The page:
A few years ago I was lucky enough to hear the legendary English folk singer Shirley Collins perform. One of the songs she sang was & # 39; Awake, Awake & # 39; written by Thomas Deloney in 1580, but apparently forgotten until Ralph Vaughan Williams heard it singing in July 1909 from an older Herefordshire woman over 300 years, borne by countless voices, by the performance itself as an act of cultural memory.
I mention this because it is one of Katherine R. Larson's most important points The song thing in early modern England: song has a life that is more elusive and vital than the written word. And his volatility, his offense – his literal invisibility – has led him to be excluded from studying early modern culture in a way that is comparable to the obliteration of women as writers and performers of songs and music at that time. It is these two major absences that The thing of the song sets off to remedy the situation.
Larson's central argument is that the unease of criticism when analyzing the ferocity and unpredictability of song-in-performance could distort the understanding of the song itself. At the same time, she argues that by studying such an imperfect, protean, and indomitable art form that is written and / or performed by early modern women, it is possible to re-explore both her creative life and some of her life and breathing Experience.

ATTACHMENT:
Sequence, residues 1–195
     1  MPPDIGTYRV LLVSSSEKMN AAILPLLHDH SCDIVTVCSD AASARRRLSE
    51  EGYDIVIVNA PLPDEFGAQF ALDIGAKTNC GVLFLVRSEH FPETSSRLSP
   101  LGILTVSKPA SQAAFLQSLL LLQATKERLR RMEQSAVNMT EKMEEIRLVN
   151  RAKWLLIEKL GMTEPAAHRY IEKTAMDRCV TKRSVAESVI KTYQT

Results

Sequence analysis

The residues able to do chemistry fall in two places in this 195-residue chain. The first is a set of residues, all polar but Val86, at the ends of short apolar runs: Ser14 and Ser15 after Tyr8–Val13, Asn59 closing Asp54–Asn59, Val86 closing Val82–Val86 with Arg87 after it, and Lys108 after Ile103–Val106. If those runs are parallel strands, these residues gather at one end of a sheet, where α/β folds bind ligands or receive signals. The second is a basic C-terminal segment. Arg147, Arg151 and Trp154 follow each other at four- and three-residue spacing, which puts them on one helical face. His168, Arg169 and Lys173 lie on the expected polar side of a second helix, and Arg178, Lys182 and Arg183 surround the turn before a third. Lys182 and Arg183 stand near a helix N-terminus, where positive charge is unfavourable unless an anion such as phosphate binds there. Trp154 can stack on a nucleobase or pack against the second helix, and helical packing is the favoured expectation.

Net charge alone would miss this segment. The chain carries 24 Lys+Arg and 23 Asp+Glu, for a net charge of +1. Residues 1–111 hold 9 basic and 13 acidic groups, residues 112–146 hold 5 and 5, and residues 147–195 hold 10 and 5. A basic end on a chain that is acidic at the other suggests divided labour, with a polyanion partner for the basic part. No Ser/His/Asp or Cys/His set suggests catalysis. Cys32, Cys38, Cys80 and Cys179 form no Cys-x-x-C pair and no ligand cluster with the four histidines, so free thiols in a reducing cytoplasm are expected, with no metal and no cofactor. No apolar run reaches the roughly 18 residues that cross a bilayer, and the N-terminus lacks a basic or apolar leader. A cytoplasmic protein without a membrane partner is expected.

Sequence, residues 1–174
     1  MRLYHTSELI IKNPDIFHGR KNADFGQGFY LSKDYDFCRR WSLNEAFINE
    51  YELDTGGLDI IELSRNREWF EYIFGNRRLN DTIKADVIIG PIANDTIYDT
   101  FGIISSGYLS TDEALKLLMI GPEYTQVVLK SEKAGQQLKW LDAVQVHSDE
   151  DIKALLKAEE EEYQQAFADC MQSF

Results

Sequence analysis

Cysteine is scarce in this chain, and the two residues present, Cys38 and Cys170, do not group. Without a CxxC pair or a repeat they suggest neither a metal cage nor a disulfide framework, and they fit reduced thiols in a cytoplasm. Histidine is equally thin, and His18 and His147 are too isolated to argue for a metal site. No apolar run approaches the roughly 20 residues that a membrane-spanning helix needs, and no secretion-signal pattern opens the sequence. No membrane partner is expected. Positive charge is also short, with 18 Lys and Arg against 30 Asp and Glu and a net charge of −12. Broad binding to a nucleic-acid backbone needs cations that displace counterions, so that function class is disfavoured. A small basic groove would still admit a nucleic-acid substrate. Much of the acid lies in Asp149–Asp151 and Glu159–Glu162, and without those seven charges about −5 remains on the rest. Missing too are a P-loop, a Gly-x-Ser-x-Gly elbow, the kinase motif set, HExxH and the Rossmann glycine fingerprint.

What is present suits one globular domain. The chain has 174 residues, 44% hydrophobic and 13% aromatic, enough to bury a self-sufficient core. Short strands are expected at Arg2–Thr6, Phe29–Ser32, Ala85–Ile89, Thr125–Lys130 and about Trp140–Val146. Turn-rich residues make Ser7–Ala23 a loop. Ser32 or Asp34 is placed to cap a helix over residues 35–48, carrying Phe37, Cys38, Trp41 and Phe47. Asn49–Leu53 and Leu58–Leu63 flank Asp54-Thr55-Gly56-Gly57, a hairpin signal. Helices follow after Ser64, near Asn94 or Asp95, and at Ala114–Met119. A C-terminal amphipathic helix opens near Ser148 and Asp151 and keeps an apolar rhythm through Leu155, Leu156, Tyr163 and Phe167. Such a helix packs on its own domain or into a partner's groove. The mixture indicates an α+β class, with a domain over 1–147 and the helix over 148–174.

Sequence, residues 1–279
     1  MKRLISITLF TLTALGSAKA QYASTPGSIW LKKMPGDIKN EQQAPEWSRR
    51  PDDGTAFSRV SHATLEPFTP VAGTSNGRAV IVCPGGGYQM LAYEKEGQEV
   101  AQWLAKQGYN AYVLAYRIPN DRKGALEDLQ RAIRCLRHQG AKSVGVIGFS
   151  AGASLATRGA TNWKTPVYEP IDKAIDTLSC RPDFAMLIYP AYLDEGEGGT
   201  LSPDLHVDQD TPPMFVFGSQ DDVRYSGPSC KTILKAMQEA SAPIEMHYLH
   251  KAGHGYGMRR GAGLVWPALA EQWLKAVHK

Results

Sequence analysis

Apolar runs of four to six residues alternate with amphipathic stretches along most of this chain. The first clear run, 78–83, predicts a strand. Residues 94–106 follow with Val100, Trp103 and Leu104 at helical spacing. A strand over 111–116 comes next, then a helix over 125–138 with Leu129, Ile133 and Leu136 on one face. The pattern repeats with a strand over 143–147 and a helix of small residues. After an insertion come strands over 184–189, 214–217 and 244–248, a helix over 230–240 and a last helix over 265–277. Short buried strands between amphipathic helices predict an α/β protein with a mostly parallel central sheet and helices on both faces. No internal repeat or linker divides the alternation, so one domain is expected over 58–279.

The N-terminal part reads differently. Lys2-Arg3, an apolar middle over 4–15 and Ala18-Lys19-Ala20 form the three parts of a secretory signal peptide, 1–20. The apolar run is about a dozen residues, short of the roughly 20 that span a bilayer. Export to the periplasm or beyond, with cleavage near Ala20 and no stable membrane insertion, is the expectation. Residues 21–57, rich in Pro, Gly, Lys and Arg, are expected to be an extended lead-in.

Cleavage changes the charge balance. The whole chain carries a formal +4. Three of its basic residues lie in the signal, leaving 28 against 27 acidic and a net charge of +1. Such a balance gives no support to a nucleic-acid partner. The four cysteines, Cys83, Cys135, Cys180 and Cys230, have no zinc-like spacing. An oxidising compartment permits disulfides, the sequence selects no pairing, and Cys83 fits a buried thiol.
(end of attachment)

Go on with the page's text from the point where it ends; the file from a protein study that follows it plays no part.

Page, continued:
The title of the book comes from the Renaissance philosopher Marsilio Ficino, who wrote:
The question of the song … is air, hot or warm, still breathing and somehow alive; Like an animal … it not only has movement and shows passion, it even has a meaning like a spirit, so that it can be said that it is a kind of airy and rational animal.
Larson is consistently concerned with the idea that song as air occurs in the mouth and body of the singer as well as song as form – with all the metaphorical and other connotations that this idea has and had for women in terms of beauty, status and behavior ,
With a little courage, Larson himself embodies the various aspects of her reasoning in the recordings, in which she sings a dozen early modern songs that accompany the book online. These range from the setting of two psalms translated by Mary Sidney, Countess of Pembroke, to "Sweet Echo" written by John Milton and Henry Lawes for 15-year-old Alice Egerton Comus, (This is not an exercise to recommend to any early modern scholar: it helps that Larson is not only an English professor at the University of Toronto, but also a classically trained soprano.)
The transformative thing about these recordings is that they are not just illustrative. Larson repeatedly returns to these songs throughout the book to analyze them from within, as a singer performing them and as a woman whose voice and body briefly inhabit the songs. In this way, it enables a singing musician to understand how a song lives in the performance in order to sharpen and inform her critical and cultural skills.
Song may be the elusive artistic medium that is briefly animated by the singer's air and breath before being forgotten. But Larson's claim that song-in-performance is a kind of critical practice enables her to explore the physical experience of songs and the meanings that experience conjures up in a radical and exciting way.
The song thing in early modern England: lyrics in and from the air
Katherine R. Larson
Oxford 272pp £ 60
Mathew Lyons is the author of The favorite: Ralegh and his queen (Constable, 2012).